Deeper questions that emerge from the Census

From: Phillip H Green, Radlyn Park, West End Avenue, Harrogate.

I HAVE just been watching a programme on BBC2 presented by Andrew Marr on the recent history and the current situation regarding the Census.

Watching the programme and listening to the reasons for producing it, I couldn’t help but ask myself what on Earth the politicians are going to do with all the information when they have collected it?”

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I couldn’t help being a tad sceptical and feeling that all it would achieve would be “shelf fodder”. Will the information gleaned actually be used positively? How will my life’s experience at 81 years of age be actually assessed and considered in the present scheme of things?

What did I do at school? What industry did I join and where is it now? Is the Government really interested?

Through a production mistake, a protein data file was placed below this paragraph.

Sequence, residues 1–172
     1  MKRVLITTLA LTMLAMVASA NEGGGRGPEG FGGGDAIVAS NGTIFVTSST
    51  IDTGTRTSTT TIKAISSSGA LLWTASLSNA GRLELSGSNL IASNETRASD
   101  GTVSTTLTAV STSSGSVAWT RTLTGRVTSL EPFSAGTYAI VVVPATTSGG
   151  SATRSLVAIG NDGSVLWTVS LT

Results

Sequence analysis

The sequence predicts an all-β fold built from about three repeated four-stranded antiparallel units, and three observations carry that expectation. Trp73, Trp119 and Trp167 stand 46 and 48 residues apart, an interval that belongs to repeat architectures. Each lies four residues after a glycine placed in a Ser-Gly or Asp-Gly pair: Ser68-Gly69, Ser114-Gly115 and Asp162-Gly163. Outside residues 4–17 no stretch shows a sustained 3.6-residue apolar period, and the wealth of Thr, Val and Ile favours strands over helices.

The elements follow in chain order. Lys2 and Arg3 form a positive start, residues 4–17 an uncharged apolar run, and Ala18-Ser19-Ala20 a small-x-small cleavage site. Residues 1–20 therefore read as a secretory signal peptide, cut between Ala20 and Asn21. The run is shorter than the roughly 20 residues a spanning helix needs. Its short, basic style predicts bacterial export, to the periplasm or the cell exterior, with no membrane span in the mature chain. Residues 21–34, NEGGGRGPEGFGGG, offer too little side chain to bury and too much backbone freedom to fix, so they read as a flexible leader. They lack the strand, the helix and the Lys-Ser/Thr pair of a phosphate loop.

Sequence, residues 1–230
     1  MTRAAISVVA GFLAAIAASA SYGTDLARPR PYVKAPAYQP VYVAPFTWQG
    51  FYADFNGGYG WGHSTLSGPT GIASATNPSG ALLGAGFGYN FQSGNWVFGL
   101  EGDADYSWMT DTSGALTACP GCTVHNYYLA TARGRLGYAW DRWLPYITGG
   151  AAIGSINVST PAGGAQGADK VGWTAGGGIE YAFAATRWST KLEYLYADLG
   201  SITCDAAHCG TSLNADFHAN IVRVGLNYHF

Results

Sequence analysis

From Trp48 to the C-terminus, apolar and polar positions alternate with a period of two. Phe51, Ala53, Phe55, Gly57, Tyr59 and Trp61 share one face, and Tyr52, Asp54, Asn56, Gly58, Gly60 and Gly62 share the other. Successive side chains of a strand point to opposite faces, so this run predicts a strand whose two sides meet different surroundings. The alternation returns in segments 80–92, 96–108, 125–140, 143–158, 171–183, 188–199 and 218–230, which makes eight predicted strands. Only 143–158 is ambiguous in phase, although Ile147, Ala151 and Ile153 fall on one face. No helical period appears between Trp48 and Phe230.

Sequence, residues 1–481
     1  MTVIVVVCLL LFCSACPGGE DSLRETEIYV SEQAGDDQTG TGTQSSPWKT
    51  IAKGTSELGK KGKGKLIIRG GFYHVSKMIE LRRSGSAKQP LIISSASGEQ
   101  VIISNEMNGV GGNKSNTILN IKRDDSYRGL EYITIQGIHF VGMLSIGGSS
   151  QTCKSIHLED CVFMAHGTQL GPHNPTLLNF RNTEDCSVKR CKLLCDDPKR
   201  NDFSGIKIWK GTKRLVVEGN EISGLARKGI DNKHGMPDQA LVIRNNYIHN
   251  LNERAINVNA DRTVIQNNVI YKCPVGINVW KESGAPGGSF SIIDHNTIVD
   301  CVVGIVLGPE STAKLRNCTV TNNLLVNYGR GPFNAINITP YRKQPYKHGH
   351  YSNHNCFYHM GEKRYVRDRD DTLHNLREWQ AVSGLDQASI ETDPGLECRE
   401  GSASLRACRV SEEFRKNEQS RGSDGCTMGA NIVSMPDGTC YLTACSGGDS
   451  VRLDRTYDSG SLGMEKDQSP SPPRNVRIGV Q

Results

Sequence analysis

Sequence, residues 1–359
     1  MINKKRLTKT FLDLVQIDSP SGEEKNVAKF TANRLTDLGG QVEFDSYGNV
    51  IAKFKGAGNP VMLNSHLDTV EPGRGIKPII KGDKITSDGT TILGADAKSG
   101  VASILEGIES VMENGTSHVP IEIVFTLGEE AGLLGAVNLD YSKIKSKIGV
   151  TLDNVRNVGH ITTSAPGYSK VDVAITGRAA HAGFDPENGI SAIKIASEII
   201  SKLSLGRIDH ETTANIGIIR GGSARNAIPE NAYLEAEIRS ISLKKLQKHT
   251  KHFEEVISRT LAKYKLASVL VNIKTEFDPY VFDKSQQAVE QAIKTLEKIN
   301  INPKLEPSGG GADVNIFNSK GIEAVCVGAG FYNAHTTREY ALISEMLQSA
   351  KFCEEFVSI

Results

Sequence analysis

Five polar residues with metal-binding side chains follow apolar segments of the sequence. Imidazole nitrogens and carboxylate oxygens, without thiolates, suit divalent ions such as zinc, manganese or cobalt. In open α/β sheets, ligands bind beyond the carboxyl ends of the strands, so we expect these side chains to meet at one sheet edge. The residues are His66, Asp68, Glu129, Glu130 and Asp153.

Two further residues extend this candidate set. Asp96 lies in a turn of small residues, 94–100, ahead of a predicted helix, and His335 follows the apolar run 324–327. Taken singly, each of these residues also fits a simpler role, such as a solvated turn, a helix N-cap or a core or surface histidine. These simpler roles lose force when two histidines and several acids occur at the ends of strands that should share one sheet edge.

I certainly would like to feel that some national benefit can accrue from these questions, but I can’t help but regret that nobody will analyse it with me and understand why I did various things in my life and what personal benefit came my way, what personal satisfaction I achieved.

What did my life enable me to do and did I feel justified in a lifetime’s work? These are the questions I would like examined. My working life ran from 16 years of age to retirement at 65. Who would like to examine all that period?

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There could be hidden truths there if anybody was prepared to spend the time to examine it in relation to where we are now going as a country.

Probably we should stop and think more, and discuss more openly.